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Amazon Selects New HQ Sites in NY and VA

Seattle-based online retailer selects two east coast cities for its latest headquarters.

Amazon Logo FeatureAfter the year-long search for Amazon’s second headquarters, instead of choosing one city, the company selected both the Long Island City neighborhood in New York City and the Crystal City area of Arlington, Virginia, a suburb of Washington D.C. The Seattle based online retailer chose these two locations because of the skilled workforce found in these metropolitan areas. In addition, Amazon decided to create a new operations center in Nashville, Tennessee. Amazon expects the new investment to produce 50,000 jobs and more than $5 billion in capital spending within the metropolitan areas. This large amount of capital invested makes these headquarter selections some of the most influential real estate decisions in the United States.

Jeff Bezos, the founder and CEO of Amazon, initially desired the new headquarters to be the same as the current Seattle location which currently occupies 8 million square feet in 33 buildings. However, since Amazon’s plans evolved into having two locations, people speculate that Crystal City and Long Island City will receive half the expected employees and capital spending. Amazon has not publicly stated how the operations between the two locations will be shared.

What is certain is the economic benefit to the Nashville area created by the new operations center. The city will receive 5,000 full-time jobs with an average wage of $150,000 per year, $230 million in investments, 1 million square feet of office space, and incremental tax revenue greater than $1 billion over the next 10 years. Amazon is also receiving numerous performance-based incentives totaling $102 million due to the large amount of new high paying jobs within the area. For example, over the next seven years, Amazon is receiving a cash grant from both the state of Tennessee and city of Nashville totaling $80 million for the newly created 5000 jobs. The company will also receive a tax credit of $4,500 for each new job over a seven-year span to offset franchise and excise taxes.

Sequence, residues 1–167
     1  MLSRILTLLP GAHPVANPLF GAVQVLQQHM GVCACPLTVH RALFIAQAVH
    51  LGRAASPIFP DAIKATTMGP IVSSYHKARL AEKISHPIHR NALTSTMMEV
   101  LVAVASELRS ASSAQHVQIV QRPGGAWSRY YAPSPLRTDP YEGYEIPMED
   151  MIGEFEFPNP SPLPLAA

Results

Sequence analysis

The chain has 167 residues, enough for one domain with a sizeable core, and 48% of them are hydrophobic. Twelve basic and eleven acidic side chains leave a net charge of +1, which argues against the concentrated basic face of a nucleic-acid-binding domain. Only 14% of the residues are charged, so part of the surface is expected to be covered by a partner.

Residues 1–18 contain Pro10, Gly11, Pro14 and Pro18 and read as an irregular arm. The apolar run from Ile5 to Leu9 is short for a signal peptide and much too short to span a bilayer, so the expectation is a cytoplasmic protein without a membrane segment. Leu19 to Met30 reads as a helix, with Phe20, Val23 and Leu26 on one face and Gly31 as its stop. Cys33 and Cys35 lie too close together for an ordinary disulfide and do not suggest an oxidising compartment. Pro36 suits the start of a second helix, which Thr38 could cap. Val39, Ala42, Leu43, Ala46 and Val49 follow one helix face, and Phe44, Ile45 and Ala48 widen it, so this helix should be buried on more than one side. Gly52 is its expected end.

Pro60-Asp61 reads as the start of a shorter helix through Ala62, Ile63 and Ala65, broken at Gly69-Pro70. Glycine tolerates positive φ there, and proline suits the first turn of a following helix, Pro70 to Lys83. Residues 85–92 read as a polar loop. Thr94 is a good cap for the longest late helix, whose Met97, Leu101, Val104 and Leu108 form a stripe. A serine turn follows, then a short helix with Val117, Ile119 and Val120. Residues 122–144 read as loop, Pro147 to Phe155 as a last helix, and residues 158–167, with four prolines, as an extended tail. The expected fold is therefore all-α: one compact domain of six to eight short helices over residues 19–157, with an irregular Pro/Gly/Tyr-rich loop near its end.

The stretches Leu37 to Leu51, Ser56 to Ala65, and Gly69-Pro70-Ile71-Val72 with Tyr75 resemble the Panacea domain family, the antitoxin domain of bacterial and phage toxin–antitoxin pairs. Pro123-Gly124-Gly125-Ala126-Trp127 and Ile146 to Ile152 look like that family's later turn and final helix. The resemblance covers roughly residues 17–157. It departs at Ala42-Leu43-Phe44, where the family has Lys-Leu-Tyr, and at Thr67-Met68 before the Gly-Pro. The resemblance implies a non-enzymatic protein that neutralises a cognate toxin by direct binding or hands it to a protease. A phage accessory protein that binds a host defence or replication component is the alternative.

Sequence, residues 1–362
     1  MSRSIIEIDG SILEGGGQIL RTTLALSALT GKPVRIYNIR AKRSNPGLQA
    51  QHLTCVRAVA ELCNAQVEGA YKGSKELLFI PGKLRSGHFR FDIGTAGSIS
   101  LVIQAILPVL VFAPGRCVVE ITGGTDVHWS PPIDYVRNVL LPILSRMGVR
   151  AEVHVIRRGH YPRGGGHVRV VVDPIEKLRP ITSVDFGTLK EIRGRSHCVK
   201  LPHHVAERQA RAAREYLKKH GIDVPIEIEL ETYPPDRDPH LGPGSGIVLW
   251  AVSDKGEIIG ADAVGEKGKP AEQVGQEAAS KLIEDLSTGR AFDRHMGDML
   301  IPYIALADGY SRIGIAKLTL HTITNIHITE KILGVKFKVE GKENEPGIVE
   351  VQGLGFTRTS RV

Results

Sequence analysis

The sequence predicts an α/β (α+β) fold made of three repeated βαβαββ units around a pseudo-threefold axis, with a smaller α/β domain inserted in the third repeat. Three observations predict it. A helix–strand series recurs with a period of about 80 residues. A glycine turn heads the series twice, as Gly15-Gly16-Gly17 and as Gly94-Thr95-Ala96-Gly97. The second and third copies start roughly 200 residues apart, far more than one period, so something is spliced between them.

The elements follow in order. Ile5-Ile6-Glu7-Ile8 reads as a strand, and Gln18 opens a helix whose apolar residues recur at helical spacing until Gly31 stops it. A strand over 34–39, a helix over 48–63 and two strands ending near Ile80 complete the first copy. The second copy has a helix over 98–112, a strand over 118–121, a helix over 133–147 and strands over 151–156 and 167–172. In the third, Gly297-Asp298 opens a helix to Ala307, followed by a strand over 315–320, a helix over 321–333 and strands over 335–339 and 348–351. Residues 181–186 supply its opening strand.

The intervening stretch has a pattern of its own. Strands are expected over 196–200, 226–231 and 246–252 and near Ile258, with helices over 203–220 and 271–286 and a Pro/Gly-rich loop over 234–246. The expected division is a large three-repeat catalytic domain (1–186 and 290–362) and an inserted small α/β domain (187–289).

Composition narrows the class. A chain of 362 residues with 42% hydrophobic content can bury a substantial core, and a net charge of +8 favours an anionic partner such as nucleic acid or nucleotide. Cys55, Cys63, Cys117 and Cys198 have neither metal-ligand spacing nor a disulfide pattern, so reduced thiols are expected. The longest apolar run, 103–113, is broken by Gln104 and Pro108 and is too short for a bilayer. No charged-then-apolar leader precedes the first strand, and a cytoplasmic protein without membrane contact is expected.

The Crystal City location in Arlington makes logical sense for Amazon due to office space being readily available, the campus’s proximity to Ronald Reagan National Airport in Washington, D.C., and ease of public transportation. JBG Smith is the predominant landlord and developer within the area, so Amazon’s next step is only a negotiation with the development firm. Like Nashville, the retailer expects to create 25,000 new high paying jobs, a 4 million square feet office space, and an incremental tax revenue of $3.2 billion over the next 20 years. Numerous financial incentives are also expected totaling $573 million for the company, with additional investments of $195 million to the campus’s surrounding infrastructure and neighborhoods.

Long Island City, the neighborhood within the Queens borough, beat out other New York City boroughs because it is closer to both air and highway transportation. Queens also boasts turnkey office space with millions of square feet of land available for future expansion. 25,000 new jobs, a 4 million square feet office space, $2.5 billion in area investment, and an incremental tax revenue of $10 billion over the next 20 years is expected for the Long Island City neighborhood. $1.525 billion in incentives and the New York State’s Excelsior Program tax credits will be utilized by Amazon to offset expenses.

Amazon creating a second headquarters was described by some political leaders as “the greatest economic development opportunity in a generation.” In Seattle, Amazon spurred job growth, revitalized neighborhoods, influenced the urban residential boom, and inspired other tech companies to open satellite offices in the Seattle area. The rapid growth however did strain the Seattle housing market and further congested highways and public transportation. Despite the few pitfalls, the economic impact for both Crystal City and Long Island City will be overwhelmingly positive.